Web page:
Bows with a continuous draw weight. That means that no matter how long armed (draw length) the shooter is, the amount of effort to pull the string back will stay the same through the whole draw. We use Genesis bows at the range, which fit into this category. They are often shot with similar form as a Recurve and used barebow (without any sights or aiming aids), but they can be set up with sights, stabilizers, etc to grow with an archer and be a great training bow. Genesis bows are also the exclusive bow of the National Archery in the School Program due to their ability to easily adjust to multiple users. The Genesis maxes out at 20 pounds so it’s great to learn form on. The Mini Genesis is a nice Jr version for the under 10ish kids that are starting out. Here’s the link to Genesis if you’re interested in your own, you can customize colors and options for a unique look. They also have a GenX bow which is a true compound (see below), which is the bow I currently use. https://genesisbow.com/?gclid=Cj0KCQiAuvOPBhDXARIsAKzLQ8FqJrW9_AMGXYNFkqAcO4Mll70zr2sEHTy5-tw0LOzfCyz58amWULwaAkWtEALw_wcB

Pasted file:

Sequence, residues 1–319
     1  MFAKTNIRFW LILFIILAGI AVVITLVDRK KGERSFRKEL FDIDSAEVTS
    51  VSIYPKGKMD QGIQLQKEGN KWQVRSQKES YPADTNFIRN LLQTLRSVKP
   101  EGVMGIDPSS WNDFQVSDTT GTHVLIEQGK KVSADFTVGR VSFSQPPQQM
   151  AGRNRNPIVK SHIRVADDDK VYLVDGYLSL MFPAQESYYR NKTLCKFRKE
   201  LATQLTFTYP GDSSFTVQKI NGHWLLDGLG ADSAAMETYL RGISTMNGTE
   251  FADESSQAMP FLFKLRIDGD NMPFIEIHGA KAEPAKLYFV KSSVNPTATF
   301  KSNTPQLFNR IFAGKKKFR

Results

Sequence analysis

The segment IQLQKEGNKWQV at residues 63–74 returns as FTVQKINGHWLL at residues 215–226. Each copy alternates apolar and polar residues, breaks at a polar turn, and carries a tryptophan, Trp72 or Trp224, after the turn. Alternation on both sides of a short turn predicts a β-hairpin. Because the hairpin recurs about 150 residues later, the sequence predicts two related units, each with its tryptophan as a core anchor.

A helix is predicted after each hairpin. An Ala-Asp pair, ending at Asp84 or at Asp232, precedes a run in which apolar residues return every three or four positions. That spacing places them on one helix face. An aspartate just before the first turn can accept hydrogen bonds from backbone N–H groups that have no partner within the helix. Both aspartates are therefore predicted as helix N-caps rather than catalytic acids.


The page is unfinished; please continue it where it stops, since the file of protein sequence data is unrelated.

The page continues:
Utilizing some amazing feats of engineering Compound bows have what is called a “Let off” or “breaking point.” The Cams and/or wheels (those roundish gears on the tips) flip about 2/3rds of the way through pulling back and hold somewhere between 50-80% of the draw weight for you. This allows you to be able to pull and hold a much higher poundage bow, very helpful in aiming at moving targets. Compounds also come with a draw-stop, or “back wall” that will need to be adjusted to your full draw length. This feels like you are pulling and then you hit a wall and can’t pull any further. This enables the archer to have more consistent draw length which in turn gives the archer more consistent shots. There are a ton of Compounds out there, a couple big brand names are Hoyt and Diamond. The important thing to remember when getting a compound, in my opinion, is to not over bow yourself. Over bow is when you get a bow that is just at or beyond you capability to pull. It’s best to find a bow that can adjust a wide range to start with. I like mine at a “super low” setting (mine is at 25lbs right now), so I can focus on form and shooting in a manor that won’t injure my shoulder. Yes you have a let-off, but you still have to get 2/3rds of the way drawn before that helps you. If you are shaking or tired after one set of shots, probably a good indicator you need to take the weight down. You’ll likely need to visit a bow shop to do that safely, unless you own a bow press or the bow you have is made to not need a bow press to adjust it. When in doubt, find a bow tech. The closest one to the Quiver is Jootti https://jootti.com/ There’s also a good one in Bella Vista’s Hook, Line and Sinker https://www.facebook.com/Hook-Line-Sinker-Outdoors-337690456256149/ and if you’re south, Outdoor America is a must stop http://www.outdooramericaarchery.com/ Have a favorite Bow shop I didn’t mention? Send me their info!